Results from a Human Trial of Mitochondrially Targeted Antioxidant MitoQ

A range of mitochondrially targeted antioxidant compounds have been developed over the past decade or more: SkQ1, SS-31, and MitoQ, the subject of the trial here. The present consensus in the research community is that ordinary antioxidants are probably, on balance, somewhat harmful if used over the long term. They sabotage the oxidative signaling need for the beneficial response to exercise, for example. Mitochondrially targeted antioxidants, on the other hand, appear to modestly slow aging in a range of species, and have proven an effective treatment for some conditions characterized by inflammation and oxidative stress, meaning the excessive production of oxidative molecules and resultant damage to molecular machinery. It can be debated on a case by case basis as to the degree to which this is a compensatory treatment versus addressing a specific causative issue in any given condition.

Mitochondria in cells generate oxidative molecules in the course of producing chemical energy stores to power cellular processes. Moderately raised production can result in overall benefits, because cells react with increased housekeeping activities. Greatly increased production is harmful, however, and appears as aging progresses due to the accumulation of mitochondrial damage. It raises the level of oxidized lipids in the bloodstream, a contributing factor in atherosclerosis. It can cause cells to become dysfunctional, though the details are varied and tissue specific. It can spur chronic inflammation. In this trial, it is interesting to see confirmation of these various themes, with a focus on the vascular system in aging, though I think the pulse wave velocity data is mixed at best. The reduction in oxidized LDL cholesterol is more interesting, and more compelling when one considers that this outcome is the goal of statin drugs.

Cardiovascular diseases (CVDs) remain the leading cause of morbidity and mortality in developed societies. Advancing age is the primary risk factor for CVD, which is largely mediated by adverse changes to arteries. Two features of vascular aging that are key antecedents to CVD are the development of endothelial dysfunction, as assessed by reduced endothelium-dependent dilation (EDD), and stiffening of the large elastic arteries. Vascular dysfunction with age is a consequence of excessive superoxide-related oxidative stress, much of which is of mitochondrial origin. Given the projected increase in CVD prevalence in the coming decades, driven mainly by increases in the number of middle-aged and older (MA/O) adults, identifying novel strategies that reduce excess mitochondrial reactive oxygen species (mtROS) to improve vascular function and reduce CVD risk in this population is a biomedical priority.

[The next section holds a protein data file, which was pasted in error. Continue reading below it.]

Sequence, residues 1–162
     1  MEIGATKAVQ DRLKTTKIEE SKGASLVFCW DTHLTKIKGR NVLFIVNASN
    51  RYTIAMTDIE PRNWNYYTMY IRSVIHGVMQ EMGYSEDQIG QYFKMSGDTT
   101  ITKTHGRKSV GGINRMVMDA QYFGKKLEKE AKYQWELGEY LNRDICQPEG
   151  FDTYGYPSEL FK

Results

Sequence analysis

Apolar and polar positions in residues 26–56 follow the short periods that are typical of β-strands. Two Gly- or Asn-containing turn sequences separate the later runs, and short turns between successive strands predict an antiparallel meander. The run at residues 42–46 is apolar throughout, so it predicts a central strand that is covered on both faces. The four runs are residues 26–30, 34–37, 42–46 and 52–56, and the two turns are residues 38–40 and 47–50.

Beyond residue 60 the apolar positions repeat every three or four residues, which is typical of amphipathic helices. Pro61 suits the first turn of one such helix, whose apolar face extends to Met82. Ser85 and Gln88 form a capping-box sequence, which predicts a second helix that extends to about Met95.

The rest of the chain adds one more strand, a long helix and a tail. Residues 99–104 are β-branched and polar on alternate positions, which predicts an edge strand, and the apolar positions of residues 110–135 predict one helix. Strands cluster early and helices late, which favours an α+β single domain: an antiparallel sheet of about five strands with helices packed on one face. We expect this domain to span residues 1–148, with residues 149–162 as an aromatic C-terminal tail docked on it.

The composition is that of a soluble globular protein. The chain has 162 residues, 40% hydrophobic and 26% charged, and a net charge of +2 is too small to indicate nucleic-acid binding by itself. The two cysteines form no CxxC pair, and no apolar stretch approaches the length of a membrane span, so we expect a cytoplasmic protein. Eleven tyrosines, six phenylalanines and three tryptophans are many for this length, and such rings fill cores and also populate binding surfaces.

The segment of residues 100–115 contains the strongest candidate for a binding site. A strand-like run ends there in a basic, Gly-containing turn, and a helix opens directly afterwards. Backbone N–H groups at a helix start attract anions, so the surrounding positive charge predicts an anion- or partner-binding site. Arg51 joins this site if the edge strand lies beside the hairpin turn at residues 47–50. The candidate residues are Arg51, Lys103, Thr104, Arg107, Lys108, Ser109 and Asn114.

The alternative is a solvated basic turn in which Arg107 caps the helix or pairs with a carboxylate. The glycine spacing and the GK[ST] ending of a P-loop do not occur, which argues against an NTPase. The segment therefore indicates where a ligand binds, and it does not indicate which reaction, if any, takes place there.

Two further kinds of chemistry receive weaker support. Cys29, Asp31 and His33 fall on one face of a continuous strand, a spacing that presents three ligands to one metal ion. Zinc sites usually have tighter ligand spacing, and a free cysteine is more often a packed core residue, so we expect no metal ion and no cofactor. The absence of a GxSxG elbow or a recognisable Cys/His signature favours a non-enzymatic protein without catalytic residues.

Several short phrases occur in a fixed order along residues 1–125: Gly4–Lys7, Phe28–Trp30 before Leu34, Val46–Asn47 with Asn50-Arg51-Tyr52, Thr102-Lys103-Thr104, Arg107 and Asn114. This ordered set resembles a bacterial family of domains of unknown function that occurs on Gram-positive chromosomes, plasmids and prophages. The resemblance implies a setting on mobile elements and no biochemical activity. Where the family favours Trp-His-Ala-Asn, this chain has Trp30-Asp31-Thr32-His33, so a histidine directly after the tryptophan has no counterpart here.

MitoQ is a mitochondria-targeted antioxidant consisting of the naturally occurring antioxidant ubiquinol attached to a lipophilic cation; the lipophilicity and positive charge of this compound enable it to cross cell membranes and accumulate in the matrix facing the surface of the mitochondrial inner membrane where it is optimally positioned to reduce mtROS. MitoQ is now available as a dietary supplement and recently was administered chronically (3 weeks) to healthy young adults without adverse effects. However, presently, the efficacy of chronic MitoQ supplementation for improving vascular function in healthy MA/O adults is unknown. Accordingly, we sought to translate our preclinical findings to humans by conducting the first randomized, double-blind, placebo-controlled clinical trial with MitoQ in healthy late MA/O humans.

MitoQ was well tolerated, and plasma MitoQ was higher after the treatment versus placebo period. Brachial artery flow-mediated dilation was 42% higher after MitoQ versus placebo; the improvement was associated with amelioration of mitochondrial reactive oxygen species-related suppression of endothelial function. Aortic stiffness (measured via carotid-femoral pulse wave velocity) was lower after MitoQ versus placebo in participants with elevated baseline levels. Plasma oxidized LDL (low-density lipoprotein), a marker of oxidative stress, also was lower after MitoQ versus placebo. These findings in humans extend earlier preclinical observations and suggest that MitoQ and other therapeutic strategies targeting mitochondrial reactive oxygen species may hold promise for treating age-related vascular dysfunction.



ive been using mitoq since 2015. great to read a human study. hope more robust studies are conducted in the coming years, at least its something for the time being

Posted by: scott emptage at April 20th, 2018 8:36 AM

And what I'd personal result? Are there any peer reviewer studies to support it?

Posted by: Cuberat at April 20th, 2018 9:56 AM

Hi Scott/Reason,